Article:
Transformers: Rise of the Beasts marks the seventh film in the long-running series based on the Hasbro toy line, and the second not directed by auteur of high trash Michael Bay. Picking up seven years after the events of 2018’s Bumblebee — itself a prequel to Bay’s original five-film opus — we are introduced to the Maximals, a race of robot/animal hybrids whose distant home planet has come under attack from the deadly Terrorcons, controlled by the evil planet-eating god Unicron. As the film opens, the Maximals attempt to defend their home, before escaping to Earth using the Transwarp key, which Unicron desperately wants to obtain in order to travel across the universe and satiate his hunger for power. Meanwhile, Optimus Prime and his crew of Autobots are stuck on Earth and desperate for escape, with the sudden discovery of the Transwarp key offering their possible salvation. Somehow, a former military electronics expert named Noah Diaz (Anthony Ramos) and art history museum intern Elena Wallace (Dominique Fishback) get caught up in all of this nonsense, and so they team up with the Autobots to defeat Unicron and his Terrorcons, who have made their way to the third planet from the sun and will stop at nothing to get the MacGuffin fueling all of this chaos.
If this all sounds needlessly complicated, the execution thankfully registers at roughly a fourth-grade level, for both better and worse. Director Steven Caple Jr. — best known for helming 2018’s Creed II — attempts to keep things moving at a clip so that any sort of deep thought in regards to plot or, gulp, themes proves impossible. That he succeeds as often as he does is certainly to the film’s advantage, yet Rise of the Beasts is ultimately, somehow, too simple for its own good, regardless of the absurd number of robot protagonists and antagonists that make spellchecking any review of the film an absolute nightmare; it feels geared far more toward children and tweens than the nostalgia-hungry adults who are actually going to buy tickets to this rickety contraption. Noah and co. discover that Elena’s museum only has one half of the Transwarp whatchamacallit, so they then travel to Peru to obtain the other half before Unicron can get it. And, well, that’s about it, except for a few Transformery fight scenes that punctuate the perfunctory plot and Noah’s familial woes: his little brother has cancer, and Noah is doing all of this to save the world for him, even as Noah and his single mother are unable to procure the necessary funds to save his life, which… ironic?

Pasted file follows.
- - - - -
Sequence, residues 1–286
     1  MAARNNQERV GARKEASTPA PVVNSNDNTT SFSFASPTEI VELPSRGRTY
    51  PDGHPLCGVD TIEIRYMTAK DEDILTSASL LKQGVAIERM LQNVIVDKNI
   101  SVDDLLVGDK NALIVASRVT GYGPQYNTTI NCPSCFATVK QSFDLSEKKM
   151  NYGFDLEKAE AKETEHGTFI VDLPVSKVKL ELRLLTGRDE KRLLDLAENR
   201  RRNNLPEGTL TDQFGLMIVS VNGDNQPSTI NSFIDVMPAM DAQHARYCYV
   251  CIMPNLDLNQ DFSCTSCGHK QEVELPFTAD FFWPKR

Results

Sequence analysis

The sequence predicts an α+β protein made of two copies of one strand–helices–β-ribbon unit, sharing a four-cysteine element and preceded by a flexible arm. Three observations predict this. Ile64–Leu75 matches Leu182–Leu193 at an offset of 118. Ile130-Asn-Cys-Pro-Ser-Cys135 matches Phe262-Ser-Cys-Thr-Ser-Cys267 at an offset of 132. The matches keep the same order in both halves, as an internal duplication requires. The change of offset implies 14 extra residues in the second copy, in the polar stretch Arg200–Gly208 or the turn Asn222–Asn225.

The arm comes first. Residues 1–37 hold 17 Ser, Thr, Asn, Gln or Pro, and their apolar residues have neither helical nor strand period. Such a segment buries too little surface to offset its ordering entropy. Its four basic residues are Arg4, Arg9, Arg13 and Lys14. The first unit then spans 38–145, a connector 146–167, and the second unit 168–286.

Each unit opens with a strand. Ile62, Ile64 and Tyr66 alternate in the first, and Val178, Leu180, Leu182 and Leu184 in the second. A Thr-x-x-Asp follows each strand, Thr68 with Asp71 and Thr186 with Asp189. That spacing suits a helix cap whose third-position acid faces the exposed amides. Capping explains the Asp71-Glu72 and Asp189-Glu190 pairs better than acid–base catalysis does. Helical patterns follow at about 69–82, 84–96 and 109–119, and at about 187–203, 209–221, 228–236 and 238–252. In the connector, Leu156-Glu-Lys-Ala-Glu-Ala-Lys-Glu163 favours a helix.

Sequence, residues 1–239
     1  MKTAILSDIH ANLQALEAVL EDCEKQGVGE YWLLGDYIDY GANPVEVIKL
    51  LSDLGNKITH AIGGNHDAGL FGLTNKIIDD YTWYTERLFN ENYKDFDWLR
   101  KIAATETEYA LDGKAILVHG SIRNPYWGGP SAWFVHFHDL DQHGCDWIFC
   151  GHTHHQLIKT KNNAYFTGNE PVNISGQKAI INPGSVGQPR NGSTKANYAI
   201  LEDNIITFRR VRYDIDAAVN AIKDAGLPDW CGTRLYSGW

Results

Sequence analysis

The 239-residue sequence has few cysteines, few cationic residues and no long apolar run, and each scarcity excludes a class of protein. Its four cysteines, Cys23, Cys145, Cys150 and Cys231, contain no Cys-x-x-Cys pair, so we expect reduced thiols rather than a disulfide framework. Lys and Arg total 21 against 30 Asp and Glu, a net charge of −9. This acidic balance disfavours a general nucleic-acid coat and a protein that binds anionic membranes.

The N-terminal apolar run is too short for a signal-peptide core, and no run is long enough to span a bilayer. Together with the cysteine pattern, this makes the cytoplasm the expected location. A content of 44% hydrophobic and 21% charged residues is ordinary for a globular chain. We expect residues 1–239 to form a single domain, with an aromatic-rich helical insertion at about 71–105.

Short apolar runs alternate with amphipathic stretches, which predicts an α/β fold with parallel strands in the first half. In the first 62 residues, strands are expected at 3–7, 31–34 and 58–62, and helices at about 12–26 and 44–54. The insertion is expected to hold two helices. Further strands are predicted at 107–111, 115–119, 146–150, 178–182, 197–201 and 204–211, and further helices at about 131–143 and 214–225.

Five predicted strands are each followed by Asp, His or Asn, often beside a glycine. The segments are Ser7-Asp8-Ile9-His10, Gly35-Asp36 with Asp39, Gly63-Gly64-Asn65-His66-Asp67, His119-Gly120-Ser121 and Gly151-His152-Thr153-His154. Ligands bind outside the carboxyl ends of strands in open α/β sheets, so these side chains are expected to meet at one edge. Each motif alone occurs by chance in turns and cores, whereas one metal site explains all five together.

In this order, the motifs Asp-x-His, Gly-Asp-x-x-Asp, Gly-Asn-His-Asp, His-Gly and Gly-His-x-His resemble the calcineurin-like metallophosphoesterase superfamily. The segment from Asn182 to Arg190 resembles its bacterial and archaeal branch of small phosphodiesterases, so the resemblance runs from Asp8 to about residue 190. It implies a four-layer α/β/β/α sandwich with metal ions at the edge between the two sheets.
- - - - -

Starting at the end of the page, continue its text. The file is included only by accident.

This all amounts to a whole lot of talk about self-sacrifice in the name of honor and family, best summed up in a dialogue exchange near the film’s end, as Optimus Prime attempts to give his life in an effort to save his new friends: “Your sacrifice is our oath.” “Thank you.” The script — courtesy of a whopping five screenwriters — is on the whole as clunky as that exchange suggests, its emotional earnestness proving equally obvious and enervating. Say what you want about Bay’s specific frenetic style but he is, without a doubt, one of the greatest action directors working, always able to locate a balletic grace and coherent order within the chaos of his overstuffed spectacles. Caple’s directing style, on the other hand, could be best described as functional, the action proving relatively easy to follow but mostly lacking in thrills and finesse. And then there’s the matter of the film’s ending, which sets up a sequel/crossover so absolutely absurd that it almost circles back around to genius. It’s also the only memorable thing about Transformers: Rise of the Beasts, which is a remarkable accomplishment when you consider that the film also features Pete Davidson voicing a sassy Porsche named Mirage. But even that choice feels lazy, just like opening your 1994-set film on a line of dialogue from a movie that wasn’t released until 1996. If you can’t even take care to get your Jerry Maguire facts straight, then what the hell are we even doing here?
Published as part of InRO Weekly — Volume 1, Issue 23.
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